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Oct 03 2017
User Friendly

The phrase, “user friendly” means different things to different people.

For some, it means that a device, or a user interface for that device, is easy to use and perhaps even attractive. It often means simple, in contrast to “stuffing all the features we can into the software and then making it tolerable to navigate.”  It’s about user experience.

We touch on this topic when we discuss Tools & Resources (Box 2) in Performance Thinking® programs.  We emphasize the need to test and refine tools, job aids, software, processes, and other enablers that people use as they work, to ensure that they are easy to use. The ideal is for tools and resources to be intuitive, so that new users can begin taking advantage of them with little or no instruction.

In organizational performance improvement, we seek processes that are frictionless and tools that help people produce needed outputs with as little effort as possible.  These days, when people use so much technology to access information and get their jobs done, and when so much of the contact between organizations and their customers depends on technology, user friendly tools and resources are mission critical.  Users give up on web sites or customer service processes that are difficult or time-consuming. We all dislike web sites that are not intuitive. We rail against processes that waste our time or impose obstacles.  We hate tools and resources that are not user friendly, and they can make the difference between excellence and mediocrity, even between success and failure in many cases.

In Performance Thinking® programs, user friendly models and language play a central role.  Six Boxes Performance Thinking has evolved over the course of several decades during which we have continuously simplified our models and language to allow rapid and relatively easy communication and collaboration about human performance and the factors that influence it.  People at all levels and in all functions can use our models and plain English language.

We often say that our entire methodology is embodied in two simple visual models and 21 plain English words. The Performance Chain provides a basis for analyzing and describing performance, and the Six Boxes Model integrates all variables that influence behavior.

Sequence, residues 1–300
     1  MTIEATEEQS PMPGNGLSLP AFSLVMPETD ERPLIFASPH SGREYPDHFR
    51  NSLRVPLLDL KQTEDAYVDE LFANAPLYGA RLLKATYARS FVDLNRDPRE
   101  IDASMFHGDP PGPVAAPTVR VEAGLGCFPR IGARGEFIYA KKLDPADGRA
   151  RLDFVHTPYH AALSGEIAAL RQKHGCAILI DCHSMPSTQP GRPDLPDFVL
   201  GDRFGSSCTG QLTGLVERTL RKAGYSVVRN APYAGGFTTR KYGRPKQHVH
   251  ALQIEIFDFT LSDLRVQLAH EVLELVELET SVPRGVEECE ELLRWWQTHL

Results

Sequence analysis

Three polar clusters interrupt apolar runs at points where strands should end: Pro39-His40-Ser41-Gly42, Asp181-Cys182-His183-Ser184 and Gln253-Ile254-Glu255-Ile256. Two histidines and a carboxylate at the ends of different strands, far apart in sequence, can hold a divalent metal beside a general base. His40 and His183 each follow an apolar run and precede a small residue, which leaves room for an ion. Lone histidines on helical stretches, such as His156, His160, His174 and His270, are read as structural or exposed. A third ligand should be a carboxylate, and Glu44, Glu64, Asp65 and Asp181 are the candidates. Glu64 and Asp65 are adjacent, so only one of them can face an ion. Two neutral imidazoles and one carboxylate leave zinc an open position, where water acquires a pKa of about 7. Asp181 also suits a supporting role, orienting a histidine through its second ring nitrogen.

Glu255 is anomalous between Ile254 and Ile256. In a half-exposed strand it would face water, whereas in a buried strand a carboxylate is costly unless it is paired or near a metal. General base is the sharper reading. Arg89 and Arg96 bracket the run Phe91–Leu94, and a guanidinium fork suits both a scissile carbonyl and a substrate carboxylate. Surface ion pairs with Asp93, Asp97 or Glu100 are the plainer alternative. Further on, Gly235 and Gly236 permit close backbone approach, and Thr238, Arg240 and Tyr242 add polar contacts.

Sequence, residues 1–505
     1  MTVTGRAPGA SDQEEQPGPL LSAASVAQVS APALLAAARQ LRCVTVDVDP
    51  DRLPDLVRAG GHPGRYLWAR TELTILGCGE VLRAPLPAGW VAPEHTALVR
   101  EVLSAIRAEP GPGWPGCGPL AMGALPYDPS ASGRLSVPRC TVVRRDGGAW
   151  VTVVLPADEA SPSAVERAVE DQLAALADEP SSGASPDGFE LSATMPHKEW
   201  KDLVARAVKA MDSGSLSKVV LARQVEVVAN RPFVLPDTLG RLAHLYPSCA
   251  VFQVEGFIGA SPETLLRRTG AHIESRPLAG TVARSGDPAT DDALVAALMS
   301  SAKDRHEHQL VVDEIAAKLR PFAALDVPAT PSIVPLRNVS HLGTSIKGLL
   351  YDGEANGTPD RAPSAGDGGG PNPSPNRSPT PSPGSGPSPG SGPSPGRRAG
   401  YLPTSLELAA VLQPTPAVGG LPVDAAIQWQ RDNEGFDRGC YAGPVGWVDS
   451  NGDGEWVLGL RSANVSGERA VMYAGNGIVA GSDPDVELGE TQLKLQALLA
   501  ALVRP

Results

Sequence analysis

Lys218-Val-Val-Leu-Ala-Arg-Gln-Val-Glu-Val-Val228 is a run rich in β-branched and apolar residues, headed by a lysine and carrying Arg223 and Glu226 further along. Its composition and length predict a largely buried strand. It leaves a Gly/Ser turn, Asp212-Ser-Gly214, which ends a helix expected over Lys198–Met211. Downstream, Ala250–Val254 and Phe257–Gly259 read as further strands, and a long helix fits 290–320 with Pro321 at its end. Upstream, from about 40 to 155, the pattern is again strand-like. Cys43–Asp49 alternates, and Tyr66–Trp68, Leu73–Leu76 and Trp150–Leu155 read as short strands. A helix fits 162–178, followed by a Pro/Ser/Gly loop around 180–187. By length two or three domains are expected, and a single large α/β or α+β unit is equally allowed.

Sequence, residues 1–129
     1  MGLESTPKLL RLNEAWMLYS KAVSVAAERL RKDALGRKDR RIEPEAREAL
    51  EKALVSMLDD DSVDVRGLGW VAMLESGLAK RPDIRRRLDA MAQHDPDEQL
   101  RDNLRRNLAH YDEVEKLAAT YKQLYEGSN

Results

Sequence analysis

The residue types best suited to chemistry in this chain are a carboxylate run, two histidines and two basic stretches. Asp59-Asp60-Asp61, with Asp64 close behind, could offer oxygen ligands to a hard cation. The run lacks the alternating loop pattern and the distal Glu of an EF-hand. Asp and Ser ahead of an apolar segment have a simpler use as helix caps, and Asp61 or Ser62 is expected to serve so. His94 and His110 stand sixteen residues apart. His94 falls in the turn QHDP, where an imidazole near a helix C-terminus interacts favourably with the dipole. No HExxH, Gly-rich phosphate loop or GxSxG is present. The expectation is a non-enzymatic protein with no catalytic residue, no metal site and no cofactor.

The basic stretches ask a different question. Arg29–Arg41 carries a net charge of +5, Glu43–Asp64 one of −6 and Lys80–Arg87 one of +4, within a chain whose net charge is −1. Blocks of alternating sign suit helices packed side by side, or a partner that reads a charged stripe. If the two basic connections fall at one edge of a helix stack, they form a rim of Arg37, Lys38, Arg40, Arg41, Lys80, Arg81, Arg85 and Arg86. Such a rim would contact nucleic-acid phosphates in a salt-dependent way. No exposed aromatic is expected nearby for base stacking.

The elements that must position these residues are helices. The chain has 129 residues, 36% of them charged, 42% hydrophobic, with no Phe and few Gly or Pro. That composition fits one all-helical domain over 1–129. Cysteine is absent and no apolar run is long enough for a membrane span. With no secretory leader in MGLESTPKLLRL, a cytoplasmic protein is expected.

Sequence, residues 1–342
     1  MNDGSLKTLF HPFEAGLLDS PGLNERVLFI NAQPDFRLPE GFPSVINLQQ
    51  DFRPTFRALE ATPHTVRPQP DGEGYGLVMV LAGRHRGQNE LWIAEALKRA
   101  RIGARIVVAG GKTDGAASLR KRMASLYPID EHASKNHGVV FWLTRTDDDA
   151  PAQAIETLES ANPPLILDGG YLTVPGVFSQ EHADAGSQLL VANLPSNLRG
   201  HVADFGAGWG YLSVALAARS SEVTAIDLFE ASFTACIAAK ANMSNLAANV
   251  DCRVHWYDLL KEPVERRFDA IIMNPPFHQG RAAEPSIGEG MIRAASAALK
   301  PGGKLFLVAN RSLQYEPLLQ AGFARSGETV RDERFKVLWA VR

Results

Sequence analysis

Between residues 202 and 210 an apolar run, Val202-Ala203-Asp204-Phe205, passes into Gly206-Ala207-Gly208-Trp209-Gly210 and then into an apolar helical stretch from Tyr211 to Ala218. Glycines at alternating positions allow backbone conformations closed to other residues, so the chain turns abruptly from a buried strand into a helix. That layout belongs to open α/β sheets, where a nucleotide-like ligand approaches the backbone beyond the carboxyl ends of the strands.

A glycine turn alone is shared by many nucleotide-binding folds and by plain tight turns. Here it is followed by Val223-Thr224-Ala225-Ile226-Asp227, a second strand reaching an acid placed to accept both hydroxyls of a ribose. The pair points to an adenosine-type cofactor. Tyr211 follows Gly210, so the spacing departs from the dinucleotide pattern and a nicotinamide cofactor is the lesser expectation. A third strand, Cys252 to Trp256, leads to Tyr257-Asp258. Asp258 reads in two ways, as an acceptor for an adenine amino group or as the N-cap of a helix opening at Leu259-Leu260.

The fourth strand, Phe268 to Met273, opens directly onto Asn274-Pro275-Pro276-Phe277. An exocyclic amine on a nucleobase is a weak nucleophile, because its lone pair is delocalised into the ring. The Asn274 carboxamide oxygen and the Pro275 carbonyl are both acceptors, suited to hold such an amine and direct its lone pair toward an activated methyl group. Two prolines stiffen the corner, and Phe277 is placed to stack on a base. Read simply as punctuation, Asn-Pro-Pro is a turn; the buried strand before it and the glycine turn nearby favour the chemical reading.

Our entire methodology, and applications that we teach performance consultants, leaders, managers, and coaches, rely on these simple models. In organizations that adopt our programs, “viral” diffusion of Performance Thinking® models and language is common – both spontaneously, and because we encourage it in recommended implementation and communication strategies. The compelling insights embedded in these models are appealing and intuitive for people, quite the opposite of the big hairy methodologies and visual “systems models” that characterize much of applied behavior science and performance improvement.

I’m currently preparing an invited presentation for an international conference next year (to be announced in coming weeks) that focuses on simplicity as a key element in effective communication. The session title will be Simple Is Better: Helping Ordinary People Apply Behavior Science.  I plan to reflect on over 40 years of my own work attempting to integrate complex bodies of research and information into simple models, messages, and methods. I’ll highlight a book that I first encountered some years ago about how Steve Jobs incorporated simplicity and elegance at many levels in his leadership at his two companies, Apple and NeXT.  Insanely Simple is a quick read and very much worth the time.

Performance Thinking models and language push back on typical organizational complexity and dis-integration when it comes to leadership, management and performance improvement.  We offer the Six Boxes Practitioner Program for staff in various departments, and our Coach-Manage-Lead programs for those in line management and leadership.

We provide a common language and simple models to make continuous performance improvement, and talent development, more user friendly and readily applicable across entire organizations.

Stay tuned as we find more organizations to take this step. Please let me know if you’re interested in exploring the possibilities.  We’re looking forward to our 9th Annual Six Boxes Summer Institute where we will report back on the impact of our work in those organizations over time.

- Carl Binder, CEO

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